There are two sides to every story

How often have you heard this expression ?  It’s frequently used to describe a situation where two people couldn’t quite get along, or when a conflict can’t be resolved to everyone’s satisfaction.

Take the example of a motorist and some cyclists heading for the same stretch of road.  The cyclists are using a highly sustainable form of transport which is great for the environment, but are very vulnerable to the environment immediately around them.  They cannot understand why the cars never give them enough space and seem impatient.  The motorist is busy and in a hurry.  He is frustrated that the cyclists are slowing him down and feels they take too many risks by weaving in and out of the traffic.

So who is in the right ?  The answer – it doesn’t matter.  As long as they cannot appreciate one another’s viewpoints, they’ll never get along.

Like many idioms, this has a valuable relevance in a business context as well.

When telling your professional story – whether it’s a sales presentation to clients, a request to investors for funding, a new advertising campaign, or simply a pep talk to your team – it’s essential to remember that there are ALWAYS two sides to the story :

The way the story sounds to the person telling it… and the way it sounds to the audience hearing it.

But so often in business we find examples of communications where this simple truism has been simply forgotten.

We’ve all been at conferences where the speaker seems to be in a world of her own.  Or in a business meeting where the presenter is reading aloud the 100’s of words that he has painstakingly typed onto his PowerPoint slides.  What about the team meeting where everyone is so busy preparing their own status update that they don’t listen to a single word anyone else is saying ?

The simple fact is this :  if you want your story to be heard, you need to tell it in a way which is interesting for your audience – not just in a way which is interesting for you !

And that means understanding your audience, putting yourself in their shoes and thinking how they think. Not just once, but every time that you communicate.

Ask yourself : What is it that motivates my audience ?  What do they want to get from this piece of communication ? What will inspire them ?

If you don’t know the answer to these questions, or worse haven’t even thought about them, the chances are that nobody will listen to your story.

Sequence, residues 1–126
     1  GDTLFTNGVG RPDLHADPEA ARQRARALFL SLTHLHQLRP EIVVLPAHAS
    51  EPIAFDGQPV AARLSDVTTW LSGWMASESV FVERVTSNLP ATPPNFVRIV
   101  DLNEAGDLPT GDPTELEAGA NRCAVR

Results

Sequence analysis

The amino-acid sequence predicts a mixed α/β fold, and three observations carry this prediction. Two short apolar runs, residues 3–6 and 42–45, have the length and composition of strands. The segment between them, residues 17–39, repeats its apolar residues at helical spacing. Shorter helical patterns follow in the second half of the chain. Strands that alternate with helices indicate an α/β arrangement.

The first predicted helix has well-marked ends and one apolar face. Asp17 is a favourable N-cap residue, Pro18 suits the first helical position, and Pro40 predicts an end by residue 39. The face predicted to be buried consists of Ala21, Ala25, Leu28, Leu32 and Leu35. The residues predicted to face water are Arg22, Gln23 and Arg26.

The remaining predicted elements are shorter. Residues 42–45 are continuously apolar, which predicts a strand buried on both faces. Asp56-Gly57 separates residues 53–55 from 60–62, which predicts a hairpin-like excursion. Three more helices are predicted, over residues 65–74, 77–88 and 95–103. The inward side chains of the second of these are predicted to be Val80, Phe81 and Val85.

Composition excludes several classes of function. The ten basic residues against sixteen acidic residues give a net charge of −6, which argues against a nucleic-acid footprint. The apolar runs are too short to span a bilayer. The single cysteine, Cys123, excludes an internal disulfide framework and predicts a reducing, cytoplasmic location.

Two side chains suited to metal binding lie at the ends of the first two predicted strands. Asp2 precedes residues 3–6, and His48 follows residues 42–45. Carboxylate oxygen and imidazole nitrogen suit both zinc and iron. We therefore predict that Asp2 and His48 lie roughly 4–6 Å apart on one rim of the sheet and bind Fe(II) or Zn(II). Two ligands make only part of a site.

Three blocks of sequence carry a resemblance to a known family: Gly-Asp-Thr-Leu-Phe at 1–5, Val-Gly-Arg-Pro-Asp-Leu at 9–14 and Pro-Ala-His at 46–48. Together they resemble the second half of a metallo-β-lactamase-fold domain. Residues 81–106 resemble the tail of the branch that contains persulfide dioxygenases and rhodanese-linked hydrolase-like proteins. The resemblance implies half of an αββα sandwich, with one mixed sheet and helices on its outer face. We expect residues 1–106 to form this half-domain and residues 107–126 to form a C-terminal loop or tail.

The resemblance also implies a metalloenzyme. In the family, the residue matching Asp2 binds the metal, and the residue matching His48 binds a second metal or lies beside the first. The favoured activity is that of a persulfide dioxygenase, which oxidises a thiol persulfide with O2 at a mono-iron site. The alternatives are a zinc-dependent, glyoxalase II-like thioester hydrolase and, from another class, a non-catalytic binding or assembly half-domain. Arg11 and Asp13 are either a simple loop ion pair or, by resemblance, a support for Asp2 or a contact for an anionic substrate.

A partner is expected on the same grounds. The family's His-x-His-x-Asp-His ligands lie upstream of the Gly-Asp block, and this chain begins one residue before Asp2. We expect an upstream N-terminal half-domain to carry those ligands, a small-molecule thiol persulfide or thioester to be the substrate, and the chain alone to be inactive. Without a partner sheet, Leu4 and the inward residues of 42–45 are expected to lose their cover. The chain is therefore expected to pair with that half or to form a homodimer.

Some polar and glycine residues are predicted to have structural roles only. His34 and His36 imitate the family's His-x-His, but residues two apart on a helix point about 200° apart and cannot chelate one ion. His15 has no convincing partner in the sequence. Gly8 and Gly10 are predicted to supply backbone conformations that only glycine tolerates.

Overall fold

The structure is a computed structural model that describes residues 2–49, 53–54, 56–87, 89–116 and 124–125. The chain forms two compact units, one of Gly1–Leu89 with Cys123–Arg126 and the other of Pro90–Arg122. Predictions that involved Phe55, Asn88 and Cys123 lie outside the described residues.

We believe that it takes up to 20 times as long to prepare a piece of communication as it takes to deliver it !  That’s a lot of preparation, but if you want to avoid wasting your own time and the time of your audience, that’s what it takes to create a compelling story.

Next time you have to give a presentation to a new audience, don’t just grab a few slides from a previous deck and hope for the best.  Next time you have to make the introduction at a team meeting, don’t just roll up five minutes before and hope that something inspiring will occur to you as you stand up at the front of the room.  Take the time to prepare and practise.

Most importantly, remember the audience will experience your story from their own perspective, not from yours.  Think, think and think again – how is this going to sound to them ?

This might sound like simple advice, but you’ll be amazed what a difference it makes.  Just watch how much more energetic your audience becomes when you communicate in a way which is relevant for them.  See how they respond when you empathise with their concerns instead of focusing on your own issues.

And this approach doesn’t just apply for presentations – it’s the same for any type of communication – from the most formal to the most informal.  Whether it’s a press release, annual report, job interview, or even asking someone for a date !  Just give it a go and see what happens.

So always remember – there are two sides to every story.  And if you want your story to cut through then you need to think how that story sounds to your audience.  Take the time to understand them and communicate in a way which they will find appealing.